- by Dr Gowher Pebbles n Pearl Pediatrics and Child Care
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- Jun 05 2017
Does chest pain in children signal heart problem?
Children and teenagers who complain of chest pain only rarely have a heart problem causing it, a study published suggests. What's more, researchers say, relatively simple steps -- including a physical exam, family history and electrocardiogram -- could identify the kids who need more extensive, and expensive, testing for heart problems.
The study, reported in Pediatrics, looked at records for 3,700 children older than six who came to Children's Hospital Boston to have their chest pain evaluated. Just 1% had an underlying heart condition. The most common were inflammation of the heart muscle or pericardium, often the result of an infection; and supra-ventricular tachycardia. No child died of a cardiac cause during the 10-year study period.
"Chest pain in children is very common," she told Reuters Health, "but the chance of a cardiac cause is very low." Despite their rarity, sudden deaths from cardiac arrest are tragic and -- in the case of young athletes, in particular -- often garner media attention. So parents may become unduly alarmed by their children's chest pain, and kids may end up getting tests they don't need, according to Dr. Saleeb's team.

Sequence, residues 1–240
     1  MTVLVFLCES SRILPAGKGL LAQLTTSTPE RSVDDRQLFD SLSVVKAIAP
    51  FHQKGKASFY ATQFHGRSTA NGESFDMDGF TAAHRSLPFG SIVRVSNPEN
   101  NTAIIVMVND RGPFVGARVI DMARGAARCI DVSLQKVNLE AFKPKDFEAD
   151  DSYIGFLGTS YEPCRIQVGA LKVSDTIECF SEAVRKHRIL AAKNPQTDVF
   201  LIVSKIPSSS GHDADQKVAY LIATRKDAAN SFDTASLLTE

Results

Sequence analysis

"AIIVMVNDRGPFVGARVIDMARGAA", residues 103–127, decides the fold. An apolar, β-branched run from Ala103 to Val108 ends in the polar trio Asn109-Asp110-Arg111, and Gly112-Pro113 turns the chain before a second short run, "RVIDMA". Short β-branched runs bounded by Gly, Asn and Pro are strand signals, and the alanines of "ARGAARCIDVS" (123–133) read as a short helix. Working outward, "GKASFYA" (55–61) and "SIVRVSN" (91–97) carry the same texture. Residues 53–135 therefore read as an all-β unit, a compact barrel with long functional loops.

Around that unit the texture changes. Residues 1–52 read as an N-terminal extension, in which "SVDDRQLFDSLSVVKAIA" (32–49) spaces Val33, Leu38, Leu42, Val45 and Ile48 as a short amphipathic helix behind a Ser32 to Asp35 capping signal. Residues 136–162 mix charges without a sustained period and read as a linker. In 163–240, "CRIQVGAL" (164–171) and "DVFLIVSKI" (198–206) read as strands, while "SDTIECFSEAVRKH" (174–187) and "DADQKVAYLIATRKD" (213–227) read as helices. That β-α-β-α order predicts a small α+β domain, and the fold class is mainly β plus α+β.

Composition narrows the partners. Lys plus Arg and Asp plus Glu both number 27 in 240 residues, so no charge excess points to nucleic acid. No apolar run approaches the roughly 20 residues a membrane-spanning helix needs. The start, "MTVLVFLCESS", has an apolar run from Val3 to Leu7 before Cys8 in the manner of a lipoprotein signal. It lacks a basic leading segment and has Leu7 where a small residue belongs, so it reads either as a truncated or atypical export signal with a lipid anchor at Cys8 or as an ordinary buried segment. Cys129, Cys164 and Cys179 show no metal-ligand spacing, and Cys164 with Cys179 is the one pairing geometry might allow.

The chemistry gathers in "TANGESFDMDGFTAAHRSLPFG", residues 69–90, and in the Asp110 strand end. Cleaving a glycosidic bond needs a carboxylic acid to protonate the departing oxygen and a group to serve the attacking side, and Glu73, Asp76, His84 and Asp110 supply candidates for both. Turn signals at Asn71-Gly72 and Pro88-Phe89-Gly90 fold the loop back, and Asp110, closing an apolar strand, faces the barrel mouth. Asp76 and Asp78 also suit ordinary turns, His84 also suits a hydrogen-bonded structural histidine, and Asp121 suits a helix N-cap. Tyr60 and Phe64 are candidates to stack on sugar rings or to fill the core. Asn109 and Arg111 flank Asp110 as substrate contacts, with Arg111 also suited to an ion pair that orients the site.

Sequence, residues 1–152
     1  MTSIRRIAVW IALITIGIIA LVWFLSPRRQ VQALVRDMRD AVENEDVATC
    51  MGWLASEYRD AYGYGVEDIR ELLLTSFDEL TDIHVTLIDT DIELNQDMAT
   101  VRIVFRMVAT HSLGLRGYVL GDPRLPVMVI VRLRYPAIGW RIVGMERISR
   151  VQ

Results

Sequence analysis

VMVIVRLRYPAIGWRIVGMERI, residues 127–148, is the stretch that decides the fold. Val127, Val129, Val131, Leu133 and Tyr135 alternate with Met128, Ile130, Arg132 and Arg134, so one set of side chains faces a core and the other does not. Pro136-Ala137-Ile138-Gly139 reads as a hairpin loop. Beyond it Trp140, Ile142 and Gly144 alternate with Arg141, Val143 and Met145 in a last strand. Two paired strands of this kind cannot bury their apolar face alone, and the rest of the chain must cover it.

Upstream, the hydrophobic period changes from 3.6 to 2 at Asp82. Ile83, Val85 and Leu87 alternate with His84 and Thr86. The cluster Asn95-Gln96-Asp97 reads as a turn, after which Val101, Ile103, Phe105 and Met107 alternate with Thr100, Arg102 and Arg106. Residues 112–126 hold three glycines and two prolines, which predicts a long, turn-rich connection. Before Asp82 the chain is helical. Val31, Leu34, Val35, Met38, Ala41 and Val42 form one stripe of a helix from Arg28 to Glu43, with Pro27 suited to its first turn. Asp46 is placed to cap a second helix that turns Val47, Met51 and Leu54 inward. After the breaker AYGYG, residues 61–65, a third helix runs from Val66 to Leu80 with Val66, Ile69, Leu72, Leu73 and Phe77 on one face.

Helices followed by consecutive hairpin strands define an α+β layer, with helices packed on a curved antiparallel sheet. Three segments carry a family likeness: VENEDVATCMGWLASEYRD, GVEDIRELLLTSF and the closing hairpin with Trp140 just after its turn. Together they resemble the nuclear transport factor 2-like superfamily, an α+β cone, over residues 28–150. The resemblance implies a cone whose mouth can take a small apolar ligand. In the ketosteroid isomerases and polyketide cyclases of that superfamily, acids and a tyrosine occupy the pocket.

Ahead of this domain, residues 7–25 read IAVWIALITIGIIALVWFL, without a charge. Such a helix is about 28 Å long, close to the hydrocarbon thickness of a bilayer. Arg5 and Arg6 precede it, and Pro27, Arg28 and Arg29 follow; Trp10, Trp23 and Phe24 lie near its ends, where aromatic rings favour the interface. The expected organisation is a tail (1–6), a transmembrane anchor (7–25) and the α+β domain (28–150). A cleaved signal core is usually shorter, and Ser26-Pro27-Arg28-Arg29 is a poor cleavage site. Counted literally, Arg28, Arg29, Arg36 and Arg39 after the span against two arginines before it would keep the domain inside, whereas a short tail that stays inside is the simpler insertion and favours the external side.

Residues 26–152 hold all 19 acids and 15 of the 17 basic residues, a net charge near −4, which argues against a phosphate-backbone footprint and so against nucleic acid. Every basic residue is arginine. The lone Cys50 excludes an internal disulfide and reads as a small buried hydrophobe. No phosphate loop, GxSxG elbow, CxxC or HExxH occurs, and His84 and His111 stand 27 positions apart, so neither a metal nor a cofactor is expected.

Often, chest pain in kids comes from something much milder than a heart condition. In many cases, though, the precise cause cannot be found, That was true of 52% of kids in this study. In the remaining patients, musculoskeletal causes were most common, followed by respiratory and gastrointestinal conditions, and, in 1%, anxiety.
Doctors use guidelines known as chest pain SCAMP (standardized clinical assessment and management plan). Children are first screened based on their symptoms, family history, a physical exam and an ECG. If there are concerns, they go on for further testing, usually with echocardiography.
Dr. Saleeb did point to some "red flags" that could suggest an underlying heart problem in kids -- including chest pain that arises specifically during exercise, or pain accompanied by other symptoms such as an arrhythmia or syncope.
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